The husband is currently a shade of beetroot. After having had a perfectly good weekend ruined by recurrent invasions from aliens, he is trying to regain his composure by punching as hard as he can on his PS3 controller and stuffing his body with an equivalent amount of junk. By the time you read this, a new working week would have begun and life will not be beautiful again.
But what’s gotta be done, gotta be done. So I make no big deal of the events that unfold over the weekend: a bunch of nincompoops masquerading as building society biggies armed with a troupe of workmen take over the apartment for alleged pipe-work, the cat tries to run away with the plumber, politics burgeon between the new hired help for the infant and the old housemaid, our financial planners and accountant pay us a visit, and in the midst of all this, I try to clear the clutter, collecting things for a garage sale for animal welfare, the husband trying to hoard (as usual), and me trying to convince him not to (as usual).
It comes naturally to me, as I am the queen of multi-tasking. To the husband, sitting in front of the television screen is also a task (which I reckon was all that he had planned for the glorious three-day weekend)
Anyway, the proceedings begin at 9 am on Saturday, me trying to wear a mask of stoic and the husband scowls, focusing on ‘keeping the airconditioning from running away’ from his room. Midway, I peek into the bathroom to check the proceedings and find a gaping hole in the ceiling, its nakedness replete with the iron skeleton and brick and all. “What if it rains tomorrow? The monsoon will come straight into the bathroom!,” I bark at the workmen (visions of me standing under a waterfall ala Zeenat Aman flash by)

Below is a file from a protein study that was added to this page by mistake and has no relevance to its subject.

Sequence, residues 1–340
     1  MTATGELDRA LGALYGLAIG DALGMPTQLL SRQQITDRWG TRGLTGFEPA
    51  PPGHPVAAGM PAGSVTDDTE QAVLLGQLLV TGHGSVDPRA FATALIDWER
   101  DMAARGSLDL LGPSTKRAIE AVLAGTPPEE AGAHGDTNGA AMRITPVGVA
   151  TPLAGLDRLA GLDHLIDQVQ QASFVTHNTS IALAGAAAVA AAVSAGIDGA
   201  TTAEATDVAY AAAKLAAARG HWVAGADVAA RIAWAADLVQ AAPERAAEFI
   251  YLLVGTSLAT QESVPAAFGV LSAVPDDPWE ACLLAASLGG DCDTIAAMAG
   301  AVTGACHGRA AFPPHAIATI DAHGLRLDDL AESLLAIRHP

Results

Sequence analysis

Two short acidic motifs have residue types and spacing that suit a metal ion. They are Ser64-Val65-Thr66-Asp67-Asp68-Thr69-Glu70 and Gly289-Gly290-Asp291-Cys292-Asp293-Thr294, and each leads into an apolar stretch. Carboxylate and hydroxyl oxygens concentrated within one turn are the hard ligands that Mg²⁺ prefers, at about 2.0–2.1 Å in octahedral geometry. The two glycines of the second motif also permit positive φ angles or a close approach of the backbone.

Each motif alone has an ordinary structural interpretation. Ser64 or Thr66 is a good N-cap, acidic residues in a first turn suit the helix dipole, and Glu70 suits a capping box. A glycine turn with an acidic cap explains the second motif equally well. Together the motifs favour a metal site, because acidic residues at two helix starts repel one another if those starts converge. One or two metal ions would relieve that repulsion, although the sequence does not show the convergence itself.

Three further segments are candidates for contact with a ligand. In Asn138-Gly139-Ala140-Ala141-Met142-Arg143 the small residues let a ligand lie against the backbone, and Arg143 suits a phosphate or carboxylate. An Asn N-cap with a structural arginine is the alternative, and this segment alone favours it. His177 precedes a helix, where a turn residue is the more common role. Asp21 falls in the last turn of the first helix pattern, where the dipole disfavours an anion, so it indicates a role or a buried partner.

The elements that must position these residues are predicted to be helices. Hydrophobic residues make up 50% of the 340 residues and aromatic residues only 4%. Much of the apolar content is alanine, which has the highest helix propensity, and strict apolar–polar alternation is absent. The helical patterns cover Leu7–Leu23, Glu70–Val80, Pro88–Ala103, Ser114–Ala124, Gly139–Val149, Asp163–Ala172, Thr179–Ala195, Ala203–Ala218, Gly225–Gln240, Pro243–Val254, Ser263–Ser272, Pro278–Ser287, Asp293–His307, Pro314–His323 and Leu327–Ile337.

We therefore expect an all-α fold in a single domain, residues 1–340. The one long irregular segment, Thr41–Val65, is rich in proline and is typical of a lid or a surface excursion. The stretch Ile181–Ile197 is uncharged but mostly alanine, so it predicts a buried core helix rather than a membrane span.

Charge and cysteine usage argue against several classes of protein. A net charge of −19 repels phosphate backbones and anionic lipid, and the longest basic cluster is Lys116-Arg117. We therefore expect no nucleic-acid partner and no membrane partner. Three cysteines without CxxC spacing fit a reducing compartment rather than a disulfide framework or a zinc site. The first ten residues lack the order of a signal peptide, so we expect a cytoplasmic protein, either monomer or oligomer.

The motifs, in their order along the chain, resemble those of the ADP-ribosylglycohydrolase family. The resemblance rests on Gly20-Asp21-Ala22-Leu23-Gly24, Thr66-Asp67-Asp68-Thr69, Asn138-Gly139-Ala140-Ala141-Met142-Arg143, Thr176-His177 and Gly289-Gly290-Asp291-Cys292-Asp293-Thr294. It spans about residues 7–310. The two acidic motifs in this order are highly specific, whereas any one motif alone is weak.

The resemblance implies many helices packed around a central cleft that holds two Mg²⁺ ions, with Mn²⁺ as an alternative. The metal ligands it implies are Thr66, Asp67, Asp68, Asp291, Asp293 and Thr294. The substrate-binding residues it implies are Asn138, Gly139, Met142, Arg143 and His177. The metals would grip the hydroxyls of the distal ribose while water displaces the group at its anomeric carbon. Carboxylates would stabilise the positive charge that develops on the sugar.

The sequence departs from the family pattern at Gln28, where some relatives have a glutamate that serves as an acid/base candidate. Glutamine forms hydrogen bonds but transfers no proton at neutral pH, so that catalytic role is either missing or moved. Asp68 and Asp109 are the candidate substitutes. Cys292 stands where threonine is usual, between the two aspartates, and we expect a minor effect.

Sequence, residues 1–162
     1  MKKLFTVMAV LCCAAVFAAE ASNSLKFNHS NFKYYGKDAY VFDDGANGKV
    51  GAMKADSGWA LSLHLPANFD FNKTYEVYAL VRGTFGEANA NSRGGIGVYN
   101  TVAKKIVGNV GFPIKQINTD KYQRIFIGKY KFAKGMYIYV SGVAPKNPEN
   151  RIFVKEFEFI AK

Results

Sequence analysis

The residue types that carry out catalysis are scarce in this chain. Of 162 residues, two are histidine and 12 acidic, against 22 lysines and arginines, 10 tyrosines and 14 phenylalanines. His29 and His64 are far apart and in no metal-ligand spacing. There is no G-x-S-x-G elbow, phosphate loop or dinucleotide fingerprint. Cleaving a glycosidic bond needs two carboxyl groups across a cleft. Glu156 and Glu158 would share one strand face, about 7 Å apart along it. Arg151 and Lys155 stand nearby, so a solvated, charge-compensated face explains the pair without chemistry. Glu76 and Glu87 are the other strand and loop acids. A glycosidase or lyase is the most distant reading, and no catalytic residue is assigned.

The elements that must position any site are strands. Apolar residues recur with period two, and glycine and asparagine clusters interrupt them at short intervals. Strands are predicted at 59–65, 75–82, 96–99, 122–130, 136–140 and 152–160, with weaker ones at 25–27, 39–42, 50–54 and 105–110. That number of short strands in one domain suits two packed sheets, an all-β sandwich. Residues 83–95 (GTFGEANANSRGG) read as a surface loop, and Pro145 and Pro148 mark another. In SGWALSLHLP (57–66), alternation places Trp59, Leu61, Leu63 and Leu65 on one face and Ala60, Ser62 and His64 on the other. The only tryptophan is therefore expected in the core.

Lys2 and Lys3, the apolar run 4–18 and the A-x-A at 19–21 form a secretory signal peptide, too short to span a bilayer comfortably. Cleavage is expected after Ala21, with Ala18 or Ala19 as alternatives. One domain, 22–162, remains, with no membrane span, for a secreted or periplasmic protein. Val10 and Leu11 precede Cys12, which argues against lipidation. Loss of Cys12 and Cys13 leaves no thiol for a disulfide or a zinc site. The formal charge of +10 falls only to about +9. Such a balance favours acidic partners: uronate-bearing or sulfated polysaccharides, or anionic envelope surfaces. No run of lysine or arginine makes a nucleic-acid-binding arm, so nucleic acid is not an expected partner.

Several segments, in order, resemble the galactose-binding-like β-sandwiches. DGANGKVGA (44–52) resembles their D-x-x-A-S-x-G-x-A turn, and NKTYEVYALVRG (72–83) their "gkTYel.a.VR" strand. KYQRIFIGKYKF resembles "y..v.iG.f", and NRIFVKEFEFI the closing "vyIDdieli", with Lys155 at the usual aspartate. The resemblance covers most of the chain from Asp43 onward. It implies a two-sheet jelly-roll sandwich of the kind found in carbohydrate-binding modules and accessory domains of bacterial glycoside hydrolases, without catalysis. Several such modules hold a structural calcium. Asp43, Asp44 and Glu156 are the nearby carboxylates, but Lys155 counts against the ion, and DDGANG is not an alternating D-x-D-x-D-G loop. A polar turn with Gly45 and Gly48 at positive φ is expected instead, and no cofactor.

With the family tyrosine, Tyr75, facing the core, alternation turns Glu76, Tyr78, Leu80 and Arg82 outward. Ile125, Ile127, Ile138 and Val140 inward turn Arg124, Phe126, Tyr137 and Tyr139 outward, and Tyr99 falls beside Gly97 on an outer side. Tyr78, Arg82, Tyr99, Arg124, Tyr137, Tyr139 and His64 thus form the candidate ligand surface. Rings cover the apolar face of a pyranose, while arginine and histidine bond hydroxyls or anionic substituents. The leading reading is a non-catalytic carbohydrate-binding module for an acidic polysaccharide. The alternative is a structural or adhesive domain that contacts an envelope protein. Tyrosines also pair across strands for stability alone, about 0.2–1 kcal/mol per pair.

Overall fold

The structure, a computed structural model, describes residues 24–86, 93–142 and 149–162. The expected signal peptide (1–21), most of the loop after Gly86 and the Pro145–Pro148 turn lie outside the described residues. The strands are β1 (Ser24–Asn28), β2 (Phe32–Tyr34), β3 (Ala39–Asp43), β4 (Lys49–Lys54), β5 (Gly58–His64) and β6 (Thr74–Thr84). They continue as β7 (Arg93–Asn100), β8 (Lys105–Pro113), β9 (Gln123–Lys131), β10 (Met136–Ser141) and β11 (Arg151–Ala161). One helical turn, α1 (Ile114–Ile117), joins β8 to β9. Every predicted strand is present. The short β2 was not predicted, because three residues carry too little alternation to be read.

“No madam, monsoon is over,” said one pipsqueak.
“What the.. (suddenly remember that the infant is in my arms)….What about rats, and other creatures?”
“Okay, we will put some maal then,” he mumbles.
The maal, as it turns out, is flung from ground level onto the ceiling, adding a splatter-painted look to the walls, but I can’t be bothered anymore. The husband, meanwhile is wondering aloud why I am prolonging the agony and not letting them go.
The gory is not over. Our financial planners are next. The husband winces when I tell him the meeting cannot be cancelled.
“Now they will come and take all our money away…What a torrid day!”
“They are not taking our money away. They are creating wealth,” says me of perennial wisdom. I have been speaking the right language ever since I read Rich Dad Poor Dad.
More bad news follows. The husband is told he has to part with another princely sum for auditing and accounts. The meeting is tomorrow. Creating wealth is something he cannot visualize by now.
He is distraught, wondering how his weekend got robbed right under his nose and how he can salvage whatever few hours are left. The infant, meanwhile has no clue of the goings on, and gurgles with laughter, shaking his fists with glee.